Those who know him say it will take more than a spill to knock Reid out of politics. “This is Harry Reid,” said Josh Orton, a former Reid spokesperson. “Anyone who knows his story knows a whack in the eye isn’t going to slow him down.”

Inside his sprawling political and legislative operations on Capitol Hill, Reid’s staff are continuing to operate under the assumption that he’s running again, and senator has personally indicated as much to aides. He’s started planning a series of fundraisers for a bid, his campaign committee has been ramping up its emails to supporters, and he looks ready to tap a campaign manager soon.

He even recently sold his house in his hometown of Searchlight to move to Las Vegas, in part so that he could be closer to his campaign team and political power base. “I’ve got a re-election coming up. I’ve been through a few elections commuting from Searchlight and it’s hard, so this will make that part of it much easier,” the senator said in a video announcing the move in June.

If anything, some close to Reid say, the injury might the famously defiant Democrat even more eager to run again.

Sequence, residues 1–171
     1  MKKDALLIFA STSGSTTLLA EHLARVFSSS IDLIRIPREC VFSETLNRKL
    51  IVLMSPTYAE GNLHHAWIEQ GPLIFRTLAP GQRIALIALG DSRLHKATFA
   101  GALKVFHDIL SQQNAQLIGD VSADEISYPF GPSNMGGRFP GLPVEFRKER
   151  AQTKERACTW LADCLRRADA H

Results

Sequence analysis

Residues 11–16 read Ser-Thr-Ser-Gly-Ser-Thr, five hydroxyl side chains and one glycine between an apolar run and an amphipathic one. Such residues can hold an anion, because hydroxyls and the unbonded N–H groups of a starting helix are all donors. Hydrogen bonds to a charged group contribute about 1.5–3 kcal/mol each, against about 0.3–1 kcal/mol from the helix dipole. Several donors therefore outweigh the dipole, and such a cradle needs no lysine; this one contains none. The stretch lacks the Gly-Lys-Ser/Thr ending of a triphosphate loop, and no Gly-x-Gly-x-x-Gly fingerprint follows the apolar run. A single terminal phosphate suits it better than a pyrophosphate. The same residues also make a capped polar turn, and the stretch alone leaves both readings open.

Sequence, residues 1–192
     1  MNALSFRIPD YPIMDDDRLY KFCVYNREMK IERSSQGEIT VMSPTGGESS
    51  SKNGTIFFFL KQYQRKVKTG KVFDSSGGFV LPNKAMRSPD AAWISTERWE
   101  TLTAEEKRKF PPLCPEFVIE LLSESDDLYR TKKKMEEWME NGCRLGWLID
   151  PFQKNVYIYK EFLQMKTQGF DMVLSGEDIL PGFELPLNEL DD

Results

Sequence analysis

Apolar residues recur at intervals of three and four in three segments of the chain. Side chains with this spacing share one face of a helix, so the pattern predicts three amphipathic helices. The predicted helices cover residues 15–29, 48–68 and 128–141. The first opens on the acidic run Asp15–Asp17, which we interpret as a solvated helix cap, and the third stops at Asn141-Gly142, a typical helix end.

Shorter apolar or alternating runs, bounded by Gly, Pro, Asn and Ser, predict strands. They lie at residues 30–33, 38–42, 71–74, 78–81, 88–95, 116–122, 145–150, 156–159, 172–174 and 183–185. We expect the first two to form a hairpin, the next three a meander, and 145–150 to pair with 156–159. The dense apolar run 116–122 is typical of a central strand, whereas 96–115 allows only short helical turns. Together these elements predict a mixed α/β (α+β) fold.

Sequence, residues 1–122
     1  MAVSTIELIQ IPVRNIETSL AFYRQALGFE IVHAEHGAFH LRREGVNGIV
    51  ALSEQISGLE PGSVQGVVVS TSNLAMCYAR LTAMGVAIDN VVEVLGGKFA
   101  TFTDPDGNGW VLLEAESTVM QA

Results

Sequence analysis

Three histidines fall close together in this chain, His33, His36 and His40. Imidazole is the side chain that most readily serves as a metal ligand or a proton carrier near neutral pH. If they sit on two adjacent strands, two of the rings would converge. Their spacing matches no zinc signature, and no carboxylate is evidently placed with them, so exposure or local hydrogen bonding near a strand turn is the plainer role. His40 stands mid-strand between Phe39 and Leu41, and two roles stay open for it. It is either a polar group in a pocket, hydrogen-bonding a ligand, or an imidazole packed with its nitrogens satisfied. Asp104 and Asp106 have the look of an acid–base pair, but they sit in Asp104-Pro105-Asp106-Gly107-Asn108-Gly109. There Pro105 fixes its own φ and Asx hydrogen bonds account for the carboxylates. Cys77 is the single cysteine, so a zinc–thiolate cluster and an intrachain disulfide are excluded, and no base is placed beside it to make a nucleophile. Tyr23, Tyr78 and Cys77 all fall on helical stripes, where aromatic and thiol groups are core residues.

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Reid’s toughness is legendary among his staff and the large diaspora of former aides and allies that populate Washington. In addition to the boxing, brushes with the mob and his stint with the Capitol Police, there was the time he was hospitalized for working too hard in 2013, and the time he survived a serious car crash the year before. Growing up in a desert shack without running water or electricity, a 14-year-old Reid and his brother pinned down their father to force him to stop beating their mother.

Nearly every reelection has been a brush with death for Reid, with nail biting campaigns that end in victories with the slimmest of margins. Jim Manley, another former spokesperson, said Reid gets a “certain satisfaction” from the doubters and will not be daunted by the injury or questions it raises.

“He’s one tough S.O.B.,” Manley said. “I can’t tell you how much he looks forward to having another close race where people are going to be betting heavily against him.”

Compared the midyear election of 2010, the presidential election in 2016 will give Reid the wind at his back, with higher turnout expected among key Democratic constituencies like Latinos and young people.